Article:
There is a lot of information in this code. I will give a brief overview of all the major keywords in the code, but continue to search for each keyword that you do not understand. It will take some time.

1. componentDidMount. This is part of React Native in the application life cycle. componentDidMount () starts immediately after the component has been added to the component tree.

2. fetch. To work with network queries, there is a Fetch API in React Native .

3. State variables (isLoading, dataSource). isLoading is a variable of type bool that indicates whether API data is loaded or not. dataSource is a variable that stores the JSON response from the fetch command.

4. FlatList.This is the equivalent of RecyclerView in React Native, only much simpler. The FlatList component displays a scrolling list of data that may change, although they have a common structure. FlatList is great for working with long lists, in which the number of items may vary over time.

As we can see, in the data list we do not need to separate the variables for each element. This is the beauty of the dynamic language, that is, the JavaScript language. The type of variable is determined in real time, so working with even large amounts of data remains a simple task.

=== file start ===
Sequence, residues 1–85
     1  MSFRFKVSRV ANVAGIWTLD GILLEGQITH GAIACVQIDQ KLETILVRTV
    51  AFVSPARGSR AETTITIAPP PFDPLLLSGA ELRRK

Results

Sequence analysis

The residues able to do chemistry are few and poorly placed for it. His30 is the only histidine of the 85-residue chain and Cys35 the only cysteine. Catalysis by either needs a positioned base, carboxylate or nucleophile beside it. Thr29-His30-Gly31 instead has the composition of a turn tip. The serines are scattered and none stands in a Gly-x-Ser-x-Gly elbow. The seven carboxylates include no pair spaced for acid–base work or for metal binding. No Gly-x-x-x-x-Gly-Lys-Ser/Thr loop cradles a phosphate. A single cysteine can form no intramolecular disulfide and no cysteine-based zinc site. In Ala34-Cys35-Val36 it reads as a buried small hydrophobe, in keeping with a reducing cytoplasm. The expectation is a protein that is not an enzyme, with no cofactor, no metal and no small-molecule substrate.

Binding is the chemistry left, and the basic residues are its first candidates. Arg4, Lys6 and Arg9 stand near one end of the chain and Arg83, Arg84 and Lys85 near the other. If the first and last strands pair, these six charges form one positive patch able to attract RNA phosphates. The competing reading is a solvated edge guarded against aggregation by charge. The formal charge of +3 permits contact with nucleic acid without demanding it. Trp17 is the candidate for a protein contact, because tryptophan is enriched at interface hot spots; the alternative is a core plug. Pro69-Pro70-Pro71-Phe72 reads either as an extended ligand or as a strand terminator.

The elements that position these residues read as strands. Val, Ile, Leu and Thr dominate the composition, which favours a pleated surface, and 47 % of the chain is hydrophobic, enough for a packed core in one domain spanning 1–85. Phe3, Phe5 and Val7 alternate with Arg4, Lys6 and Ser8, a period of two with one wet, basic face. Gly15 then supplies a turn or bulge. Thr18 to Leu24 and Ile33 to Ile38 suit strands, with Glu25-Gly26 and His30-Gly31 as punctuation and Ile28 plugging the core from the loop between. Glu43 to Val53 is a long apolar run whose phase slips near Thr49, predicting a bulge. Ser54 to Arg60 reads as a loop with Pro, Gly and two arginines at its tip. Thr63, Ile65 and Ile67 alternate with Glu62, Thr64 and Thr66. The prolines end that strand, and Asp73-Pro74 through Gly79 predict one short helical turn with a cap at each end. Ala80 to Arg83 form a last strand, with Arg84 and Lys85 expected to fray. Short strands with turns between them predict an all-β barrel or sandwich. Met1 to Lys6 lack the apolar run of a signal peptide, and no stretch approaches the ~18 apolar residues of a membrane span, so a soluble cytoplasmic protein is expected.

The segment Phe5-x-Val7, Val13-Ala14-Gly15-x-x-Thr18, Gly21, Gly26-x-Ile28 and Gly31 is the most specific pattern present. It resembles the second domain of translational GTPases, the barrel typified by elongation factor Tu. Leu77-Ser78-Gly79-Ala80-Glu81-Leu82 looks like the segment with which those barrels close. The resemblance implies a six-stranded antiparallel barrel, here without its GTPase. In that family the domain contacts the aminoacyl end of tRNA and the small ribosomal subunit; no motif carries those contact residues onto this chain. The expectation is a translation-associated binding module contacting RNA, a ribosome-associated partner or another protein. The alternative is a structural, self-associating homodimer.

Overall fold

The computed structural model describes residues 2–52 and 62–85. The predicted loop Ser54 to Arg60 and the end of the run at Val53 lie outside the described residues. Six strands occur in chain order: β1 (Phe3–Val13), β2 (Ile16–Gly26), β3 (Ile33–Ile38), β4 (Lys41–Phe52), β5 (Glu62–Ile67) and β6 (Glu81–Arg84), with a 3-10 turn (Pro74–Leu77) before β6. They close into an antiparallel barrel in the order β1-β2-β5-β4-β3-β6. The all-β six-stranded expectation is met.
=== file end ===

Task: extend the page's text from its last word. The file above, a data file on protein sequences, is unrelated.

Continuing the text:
As we can see, the styles of each component are already defined. We need to set the values ​​of the variables. This can be done in the following way:

const styles = StyleSheet.create({
card: {
padding: 20,
margin: 10,
borderColor: '#ff7a00',
borderWidth: 2,
borderRadius: 10,
backgroundColor: '#f3ea68',
flex: 1,
header: {
fontSize: 40,
padding: 10,
image: {
height: 60,
width: 60,
title: {
fontSize: 20,
color: '#000',
id: {
fontSize: 30,

This is where our work ends. We managed to create an application whose components can be previewed using the API.

Finally, here is the result: